This first step in the "how" of driving employee engagement and frontline obsession is a vital one. Indeed, companies can unlock significant and sustainable value by (1) ensuring enterprise focus and alignment, (2) tracking outcomes instead of activities, and (3) creating the right processes that bring structure to autonomy. The results from implementing the aforementioned three employee engagement techniques are impressive. Consistently, client customer service ratings and NPS scores jump from the bottom quartile to the top quartile. In addition, employee engagement grows substantially leading to significantly lower turnover, higher productivity, and top employee advocacy as measured by Employee Net Promoter Scores (eNPS). All of these improved metrics ultimately drives significant top and bottom line improvements.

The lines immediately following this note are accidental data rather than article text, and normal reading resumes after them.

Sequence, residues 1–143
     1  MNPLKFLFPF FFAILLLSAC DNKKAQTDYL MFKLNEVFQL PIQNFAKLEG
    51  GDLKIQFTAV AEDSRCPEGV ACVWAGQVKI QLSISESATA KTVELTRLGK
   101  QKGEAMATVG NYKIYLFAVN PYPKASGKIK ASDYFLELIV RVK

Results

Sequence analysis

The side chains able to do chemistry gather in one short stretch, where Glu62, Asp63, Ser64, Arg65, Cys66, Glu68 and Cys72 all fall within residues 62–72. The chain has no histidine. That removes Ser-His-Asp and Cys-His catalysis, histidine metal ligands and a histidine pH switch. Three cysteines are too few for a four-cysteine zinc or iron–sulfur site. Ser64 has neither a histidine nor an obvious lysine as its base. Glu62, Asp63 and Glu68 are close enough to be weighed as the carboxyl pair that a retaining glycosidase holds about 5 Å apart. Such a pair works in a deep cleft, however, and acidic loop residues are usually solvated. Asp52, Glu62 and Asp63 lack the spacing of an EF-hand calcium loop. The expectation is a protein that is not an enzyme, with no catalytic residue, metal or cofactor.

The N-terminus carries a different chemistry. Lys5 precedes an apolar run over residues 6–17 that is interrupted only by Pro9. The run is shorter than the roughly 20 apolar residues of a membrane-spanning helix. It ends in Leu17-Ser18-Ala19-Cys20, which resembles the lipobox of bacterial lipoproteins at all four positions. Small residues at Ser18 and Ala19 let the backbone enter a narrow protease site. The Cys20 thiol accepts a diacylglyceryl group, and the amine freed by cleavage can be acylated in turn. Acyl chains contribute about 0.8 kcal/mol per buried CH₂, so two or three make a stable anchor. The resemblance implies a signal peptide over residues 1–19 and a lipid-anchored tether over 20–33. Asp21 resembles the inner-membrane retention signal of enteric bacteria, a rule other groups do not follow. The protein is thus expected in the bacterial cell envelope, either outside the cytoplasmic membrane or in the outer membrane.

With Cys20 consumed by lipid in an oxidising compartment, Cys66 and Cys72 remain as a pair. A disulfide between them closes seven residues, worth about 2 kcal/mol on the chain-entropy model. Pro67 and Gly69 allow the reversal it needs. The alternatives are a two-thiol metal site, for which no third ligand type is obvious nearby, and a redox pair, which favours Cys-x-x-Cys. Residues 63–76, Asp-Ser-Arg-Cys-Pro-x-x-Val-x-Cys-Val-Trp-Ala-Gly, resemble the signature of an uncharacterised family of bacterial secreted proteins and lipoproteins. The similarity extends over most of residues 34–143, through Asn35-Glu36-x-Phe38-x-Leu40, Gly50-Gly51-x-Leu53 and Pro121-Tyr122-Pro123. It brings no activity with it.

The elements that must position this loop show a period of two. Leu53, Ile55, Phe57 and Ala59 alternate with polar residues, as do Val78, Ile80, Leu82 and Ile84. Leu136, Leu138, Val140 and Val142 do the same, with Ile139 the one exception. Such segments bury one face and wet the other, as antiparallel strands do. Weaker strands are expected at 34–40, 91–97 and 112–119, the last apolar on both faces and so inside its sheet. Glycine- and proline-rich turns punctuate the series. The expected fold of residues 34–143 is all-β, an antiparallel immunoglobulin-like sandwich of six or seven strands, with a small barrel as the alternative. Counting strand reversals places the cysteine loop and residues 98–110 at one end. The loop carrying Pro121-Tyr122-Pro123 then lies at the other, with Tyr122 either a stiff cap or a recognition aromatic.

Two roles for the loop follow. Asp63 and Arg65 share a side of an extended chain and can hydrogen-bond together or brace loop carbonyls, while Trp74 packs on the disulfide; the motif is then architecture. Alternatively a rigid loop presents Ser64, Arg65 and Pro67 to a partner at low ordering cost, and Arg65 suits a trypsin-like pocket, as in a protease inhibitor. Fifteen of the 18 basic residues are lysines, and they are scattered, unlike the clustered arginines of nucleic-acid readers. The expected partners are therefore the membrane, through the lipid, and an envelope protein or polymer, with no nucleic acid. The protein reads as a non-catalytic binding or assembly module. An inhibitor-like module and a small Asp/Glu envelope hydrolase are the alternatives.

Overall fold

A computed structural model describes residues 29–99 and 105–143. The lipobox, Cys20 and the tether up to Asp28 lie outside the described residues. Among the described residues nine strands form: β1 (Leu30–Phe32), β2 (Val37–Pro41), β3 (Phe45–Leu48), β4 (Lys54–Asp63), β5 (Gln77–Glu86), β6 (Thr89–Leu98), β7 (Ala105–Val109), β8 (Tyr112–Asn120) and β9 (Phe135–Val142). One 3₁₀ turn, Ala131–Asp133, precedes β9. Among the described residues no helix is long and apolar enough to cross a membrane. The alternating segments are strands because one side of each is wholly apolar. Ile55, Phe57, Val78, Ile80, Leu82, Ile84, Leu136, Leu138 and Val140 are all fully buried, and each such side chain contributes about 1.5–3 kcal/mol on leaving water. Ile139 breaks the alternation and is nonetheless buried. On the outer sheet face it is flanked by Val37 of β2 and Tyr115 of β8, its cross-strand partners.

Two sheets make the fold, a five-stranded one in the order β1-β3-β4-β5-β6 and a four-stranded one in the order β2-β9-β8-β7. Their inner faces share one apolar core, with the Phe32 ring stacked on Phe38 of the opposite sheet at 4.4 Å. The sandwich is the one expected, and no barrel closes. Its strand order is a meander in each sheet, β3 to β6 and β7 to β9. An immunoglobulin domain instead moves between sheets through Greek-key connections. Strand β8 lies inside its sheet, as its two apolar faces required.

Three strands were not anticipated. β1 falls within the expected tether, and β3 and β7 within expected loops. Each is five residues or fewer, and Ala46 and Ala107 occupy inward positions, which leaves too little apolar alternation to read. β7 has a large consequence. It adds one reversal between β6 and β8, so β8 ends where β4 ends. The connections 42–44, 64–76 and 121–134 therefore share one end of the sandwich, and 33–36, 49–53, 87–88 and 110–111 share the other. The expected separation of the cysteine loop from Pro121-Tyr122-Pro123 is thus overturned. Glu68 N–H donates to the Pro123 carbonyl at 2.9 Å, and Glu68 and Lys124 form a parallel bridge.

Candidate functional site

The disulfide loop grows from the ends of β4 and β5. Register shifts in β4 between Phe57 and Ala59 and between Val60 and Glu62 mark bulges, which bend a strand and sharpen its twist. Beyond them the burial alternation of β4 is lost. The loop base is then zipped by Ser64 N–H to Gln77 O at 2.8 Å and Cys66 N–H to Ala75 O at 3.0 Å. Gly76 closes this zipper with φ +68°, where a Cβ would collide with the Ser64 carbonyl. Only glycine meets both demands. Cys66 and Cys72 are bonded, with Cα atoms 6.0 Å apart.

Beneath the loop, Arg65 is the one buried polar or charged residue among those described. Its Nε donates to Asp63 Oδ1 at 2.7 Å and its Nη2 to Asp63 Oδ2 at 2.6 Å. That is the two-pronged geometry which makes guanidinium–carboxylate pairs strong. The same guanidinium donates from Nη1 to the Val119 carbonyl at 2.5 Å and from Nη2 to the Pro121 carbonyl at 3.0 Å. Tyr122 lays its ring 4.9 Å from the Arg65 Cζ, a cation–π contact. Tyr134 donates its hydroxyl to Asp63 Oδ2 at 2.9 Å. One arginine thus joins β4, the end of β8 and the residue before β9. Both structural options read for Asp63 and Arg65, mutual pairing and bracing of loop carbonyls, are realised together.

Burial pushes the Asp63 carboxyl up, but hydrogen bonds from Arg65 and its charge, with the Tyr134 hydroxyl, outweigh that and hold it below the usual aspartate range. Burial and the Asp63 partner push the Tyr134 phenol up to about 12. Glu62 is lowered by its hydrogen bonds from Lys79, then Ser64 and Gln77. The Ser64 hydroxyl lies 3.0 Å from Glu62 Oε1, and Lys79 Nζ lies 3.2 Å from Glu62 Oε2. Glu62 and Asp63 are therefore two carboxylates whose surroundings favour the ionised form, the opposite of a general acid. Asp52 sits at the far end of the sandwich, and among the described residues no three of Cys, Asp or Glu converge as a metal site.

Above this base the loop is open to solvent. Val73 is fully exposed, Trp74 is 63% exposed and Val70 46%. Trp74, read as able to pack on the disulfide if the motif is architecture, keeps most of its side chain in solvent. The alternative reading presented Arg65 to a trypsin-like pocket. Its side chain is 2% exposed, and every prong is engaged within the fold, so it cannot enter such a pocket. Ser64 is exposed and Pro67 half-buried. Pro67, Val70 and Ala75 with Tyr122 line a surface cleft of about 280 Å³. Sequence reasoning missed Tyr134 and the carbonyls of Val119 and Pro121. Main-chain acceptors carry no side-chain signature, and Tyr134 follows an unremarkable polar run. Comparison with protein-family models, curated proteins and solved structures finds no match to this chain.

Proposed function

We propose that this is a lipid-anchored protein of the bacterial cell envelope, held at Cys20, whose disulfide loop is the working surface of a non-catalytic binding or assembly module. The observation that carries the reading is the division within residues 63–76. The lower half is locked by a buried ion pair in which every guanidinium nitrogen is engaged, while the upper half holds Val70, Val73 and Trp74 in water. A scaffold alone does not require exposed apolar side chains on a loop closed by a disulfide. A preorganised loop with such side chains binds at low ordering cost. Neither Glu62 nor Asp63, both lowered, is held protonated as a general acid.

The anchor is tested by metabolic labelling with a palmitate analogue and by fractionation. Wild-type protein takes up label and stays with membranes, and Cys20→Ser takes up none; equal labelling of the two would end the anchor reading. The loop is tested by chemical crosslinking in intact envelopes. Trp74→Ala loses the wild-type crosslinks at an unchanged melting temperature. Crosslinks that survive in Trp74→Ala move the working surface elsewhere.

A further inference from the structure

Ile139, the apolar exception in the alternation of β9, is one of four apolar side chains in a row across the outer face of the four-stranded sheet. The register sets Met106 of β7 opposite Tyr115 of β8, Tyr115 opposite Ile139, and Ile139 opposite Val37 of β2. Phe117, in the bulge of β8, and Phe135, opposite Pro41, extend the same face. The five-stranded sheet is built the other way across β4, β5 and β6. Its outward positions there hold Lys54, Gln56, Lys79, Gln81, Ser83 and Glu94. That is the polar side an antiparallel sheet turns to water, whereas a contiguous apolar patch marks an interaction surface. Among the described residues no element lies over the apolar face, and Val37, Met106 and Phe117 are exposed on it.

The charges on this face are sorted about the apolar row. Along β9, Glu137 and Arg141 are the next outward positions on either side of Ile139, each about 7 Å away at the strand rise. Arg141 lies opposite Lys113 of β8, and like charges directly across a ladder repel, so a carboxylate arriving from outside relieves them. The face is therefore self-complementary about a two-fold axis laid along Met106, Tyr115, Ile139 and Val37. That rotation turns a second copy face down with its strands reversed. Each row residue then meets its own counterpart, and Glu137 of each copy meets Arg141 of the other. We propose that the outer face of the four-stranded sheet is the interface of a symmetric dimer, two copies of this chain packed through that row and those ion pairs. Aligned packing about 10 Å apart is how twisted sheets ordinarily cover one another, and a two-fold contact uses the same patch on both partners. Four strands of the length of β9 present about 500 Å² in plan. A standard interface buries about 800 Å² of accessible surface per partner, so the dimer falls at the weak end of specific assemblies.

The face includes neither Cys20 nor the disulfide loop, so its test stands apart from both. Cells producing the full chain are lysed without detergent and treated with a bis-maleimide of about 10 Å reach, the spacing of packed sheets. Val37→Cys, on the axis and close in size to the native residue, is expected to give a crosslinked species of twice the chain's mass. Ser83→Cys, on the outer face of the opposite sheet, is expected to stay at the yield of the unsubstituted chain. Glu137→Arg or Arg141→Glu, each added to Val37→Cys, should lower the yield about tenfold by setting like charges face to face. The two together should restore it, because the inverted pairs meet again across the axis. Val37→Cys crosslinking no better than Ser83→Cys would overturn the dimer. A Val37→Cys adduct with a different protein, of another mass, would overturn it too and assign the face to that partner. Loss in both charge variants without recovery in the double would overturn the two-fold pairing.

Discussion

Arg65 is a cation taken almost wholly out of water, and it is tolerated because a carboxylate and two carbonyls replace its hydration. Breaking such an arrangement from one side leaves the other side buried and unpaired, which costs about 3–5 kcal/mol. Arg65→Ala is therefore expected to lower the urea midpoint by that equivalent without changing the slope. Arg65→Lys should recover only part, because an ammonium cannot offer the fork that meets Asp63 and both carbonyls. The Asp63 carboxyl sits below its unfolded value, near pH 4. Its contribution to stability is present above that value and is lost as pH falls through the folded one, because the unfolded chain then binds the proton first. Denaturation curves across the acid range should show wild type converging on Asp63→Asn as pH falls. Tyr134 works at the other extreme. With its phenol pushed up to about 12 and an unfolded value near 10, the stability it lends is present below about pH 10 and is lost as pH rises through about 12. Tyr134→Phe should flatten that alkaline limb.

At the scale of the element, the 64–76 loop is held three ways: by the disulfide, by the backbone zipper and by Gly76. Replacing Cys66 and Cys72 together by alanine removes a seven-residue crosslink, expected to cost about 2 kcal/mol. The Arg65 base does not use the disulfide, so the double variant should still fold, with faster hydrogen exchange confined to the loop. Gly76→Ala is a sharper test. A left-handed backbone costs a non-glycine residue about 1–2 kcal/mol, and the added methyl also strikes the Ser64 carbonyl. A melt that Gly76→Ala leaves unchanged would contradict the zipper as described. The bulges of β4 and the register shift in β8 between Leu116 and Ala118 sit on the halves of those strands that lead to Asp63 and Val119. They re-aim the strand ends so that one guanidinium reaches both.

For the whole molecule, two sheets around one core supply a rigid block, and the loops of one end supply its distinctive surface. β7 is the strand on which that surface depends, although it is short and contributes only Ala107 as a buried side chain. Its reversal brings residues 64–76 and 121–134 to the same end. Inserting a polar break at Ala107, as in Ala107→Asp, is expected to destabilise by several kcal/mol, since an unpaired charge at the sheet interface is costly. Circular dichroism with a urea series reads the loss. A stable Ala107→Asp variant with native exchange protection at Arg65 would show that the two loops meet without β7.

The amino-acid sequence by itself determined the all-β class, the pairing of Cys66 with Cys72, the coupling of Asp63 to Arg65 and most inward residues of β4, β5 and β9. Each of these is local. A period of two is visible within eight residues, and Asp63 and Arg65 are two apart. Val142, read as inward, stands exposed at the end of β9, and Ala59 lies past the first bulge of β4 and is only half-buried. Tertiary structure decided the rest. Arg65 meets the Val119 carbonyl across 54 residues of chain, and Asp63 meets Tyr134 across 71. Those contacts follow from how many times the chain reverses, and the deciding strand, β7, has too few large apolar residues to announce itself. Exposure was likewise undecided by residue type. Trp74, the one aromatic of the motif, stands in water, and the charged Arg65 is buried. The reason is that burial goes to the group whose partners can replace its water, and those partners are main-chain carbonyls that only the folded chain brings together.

- Cross-functional collaboration -
Many business units act as entities unto themselves. This in turn produces value erosive silos, hoarding, ulterior motives, misaligned incentives, and customer pain points. As long as each business unit is an island unto itself there will be significant energy and financial leakage. For example, the animosity and internal competition amongst a company’s business units are often fiercer and more value destructive than what it faces with its own competitors. Simply, business units often act as if they were part of an unhappy arranged marriage. This often means a company's own worst enemy is itself. Silos can be broken and cross-functional collaboration can be promoted by leveraging the following three steps:
- Implementing a unified data framework
- Producing a firm-wide smart view
- Creating an enterprise score card